Radio is closer to people than any other medium, but should be honest towards listeners. FAIR RADIO is a German initiative to preserve radio’s integrity and credibility.
If the radio industry underestimates the intelligence of its audience, and does not invest in self-producing quality content and keeping editorial independence, it could affect radio’s image. ‘PR-ayola’ (my name for it) was one of the topics that I talked about with German radio journalist and presenter Sandra Müller (you could also read part 1 first).
You’re one of the people behind FAIR RADIO. Why is this initiative necessary in your opinion?
“Unfortunately there is a lot of staging and cheating going on in radio. For example, there are public relations agencies that produce professional sounding, ready-to-air radio features. These are ordered by companies and organizations that want positive publicity or secretly advertise. Stations receive this content for free and sometimes just put it on the air. The audience doesn’t know that this is a sponsored feature. It happens a lot in Germany, and it destroys what radio does best: being authentic and close to people.”
Are especially small, local, understaffed radio stations broadcasting these PR features 1:1?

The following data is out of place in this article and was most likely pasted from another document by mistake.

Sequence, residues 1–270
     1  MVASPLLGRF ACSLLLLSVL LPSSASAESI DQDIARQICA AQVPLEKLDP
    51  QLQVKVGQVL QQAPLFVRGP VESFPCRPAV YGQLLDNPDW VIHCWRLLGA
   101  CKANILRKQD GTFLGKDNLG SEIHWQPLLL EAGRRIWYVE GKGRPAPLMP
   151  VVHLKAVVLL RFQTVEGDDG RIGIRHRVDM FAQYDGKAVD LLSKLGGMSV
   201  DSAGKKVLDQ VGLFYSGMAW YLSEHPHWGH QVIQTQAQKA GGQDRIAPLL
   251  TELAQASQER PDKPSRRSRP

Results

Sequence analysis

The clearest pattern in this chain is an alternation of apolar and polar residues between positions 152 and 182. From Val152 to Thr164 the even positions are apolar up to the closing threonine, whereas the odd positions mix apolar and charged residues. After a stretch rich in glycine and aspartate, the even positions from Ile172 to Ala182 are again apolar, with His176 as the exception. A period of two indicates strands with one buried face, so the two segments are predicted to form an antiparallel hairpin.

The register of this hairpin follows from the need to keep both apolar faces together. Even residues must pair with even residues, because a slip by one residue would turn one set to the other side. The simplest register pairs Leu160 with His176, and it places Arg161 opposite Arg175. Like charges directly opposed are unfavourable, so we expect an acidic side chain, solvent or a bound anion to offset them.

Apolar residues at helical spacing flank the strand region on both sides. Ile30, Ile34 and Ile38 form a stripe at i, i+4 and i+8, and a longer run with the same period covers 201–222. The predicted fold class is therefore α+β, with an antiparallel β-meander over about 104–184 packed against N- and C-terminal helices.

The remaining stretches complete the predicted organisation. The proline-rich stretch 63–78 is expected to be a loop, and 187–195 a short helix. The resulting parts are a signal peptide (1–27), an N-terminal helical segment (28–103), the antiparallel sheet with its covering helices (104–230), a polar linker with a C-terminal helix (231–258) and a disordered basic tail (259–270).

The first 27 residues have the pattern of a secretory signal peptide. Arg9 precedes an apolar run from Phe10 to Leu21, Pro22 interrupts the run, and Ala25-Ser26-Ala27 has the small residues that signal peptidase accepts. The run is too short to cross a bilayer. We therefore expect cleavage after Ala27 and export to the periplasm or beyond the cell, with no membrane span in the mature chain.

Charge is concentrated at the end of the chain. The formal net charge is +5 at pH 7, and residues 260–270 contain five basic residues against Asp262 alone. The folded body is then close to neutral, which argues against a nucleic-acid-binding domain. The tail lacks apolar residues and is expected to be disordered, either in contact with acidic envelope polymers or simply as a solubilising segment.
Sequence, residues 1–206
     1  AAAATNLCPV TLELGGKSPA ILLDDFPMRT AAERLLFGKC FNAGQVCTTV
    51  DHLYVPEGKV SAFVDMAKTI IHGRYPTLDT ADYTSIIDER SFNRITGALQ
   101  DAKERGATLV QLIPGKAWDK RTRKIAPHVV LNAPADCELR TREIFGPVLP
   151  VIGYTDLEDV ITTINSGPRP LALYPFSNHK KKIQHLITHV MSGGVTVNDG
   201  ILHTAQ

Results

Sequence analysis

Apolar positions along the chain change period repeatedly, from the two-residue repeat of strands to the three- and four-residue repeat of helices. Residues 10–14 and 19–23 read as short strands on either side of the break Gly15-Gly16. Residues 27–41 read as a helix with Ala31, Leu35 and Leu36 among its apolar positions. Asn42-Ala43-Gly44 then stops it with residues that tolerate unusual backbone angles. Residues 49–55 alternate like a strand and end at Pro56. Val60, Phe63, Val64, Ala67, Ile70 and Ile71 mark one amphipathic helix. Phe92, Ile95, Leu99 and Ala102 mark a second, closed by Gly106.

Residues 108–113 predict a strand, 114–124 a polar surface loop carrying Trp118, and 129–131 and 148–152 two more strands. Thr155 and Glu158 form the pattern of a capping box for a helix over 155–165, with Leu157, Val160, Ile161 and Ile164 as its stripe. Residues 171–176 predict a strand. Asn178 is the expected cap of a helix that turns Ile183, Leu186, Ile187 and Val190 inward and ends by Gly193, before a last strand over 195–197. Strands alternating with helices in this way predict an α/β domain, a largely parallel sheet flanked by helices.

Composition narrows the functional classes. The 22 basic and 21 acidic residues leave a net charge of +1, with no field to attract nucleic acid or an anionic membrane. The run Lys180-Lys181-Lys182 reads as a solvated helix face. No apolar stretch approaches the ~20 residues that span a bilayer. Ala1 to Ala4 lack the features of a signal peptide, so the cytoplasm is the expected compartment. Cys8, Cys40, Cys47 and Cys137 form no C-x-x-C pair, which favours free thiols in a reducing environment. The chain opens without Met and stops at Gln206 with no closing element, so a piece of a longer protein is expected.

“We have evidence that it is more common than many people think. Journalists have found out that almost every well-known radio station in Germany is a client of this kind of PR agencies – even some public broadcasters. A study by the Landesanstalt für Medien Nordrhein-Westfalen (LfM) mentioned that journalism is ‘infiltrated’ by persuasive content. It’s big business. Interestingly enough, almost no one in Germany really seems to care about it. Reports about it are rare, and there are almost no punishments.”
PR-ayola… the new payola?
Payola all over again, just in a different form? “As long as stations don’t take money for it, it’s not considered to be surreptitious advertising. But we have found some cases where radio stations admitted that they received money for broadcasting this PR content within the normal program. These stations sell themselves; become henchmen of public relations agencies and use airtime for something others paid for! We think it’s damaging for radio.”
Radio broadcasting integrity code
FAIR RADIO established 6 rules for credible radio, named Tutzinger Appell, a manifesto which name is based on the radio conference where it was founded:
1. Research comes before speed
Research before speed does not necessarily mean ‘reporting slow or too late’ on air. It’s more a matter of workflow – often it’s easy to plan ahead and block time to do thorough research, instead of eating what’s being served on a golden tray.
2. There are no tricks used to pretend situations
Using recorded sound effects and other tools to avoid the truth, are seen as unethical. Examples: reporters who are allegedly present at a scene, but actually sit in the studio, and traffic reports that don’t really come from a helicopter or airplane.
3. Something that isn’t live, is not sold as being live
If something is not live, why pretend that it is? Listeners should not be fooled, because chances are that they’ll find out, through painful technical mistakes like this (play the first aircheck). If an interview has been pre-recorded, it could simply be mentioned before.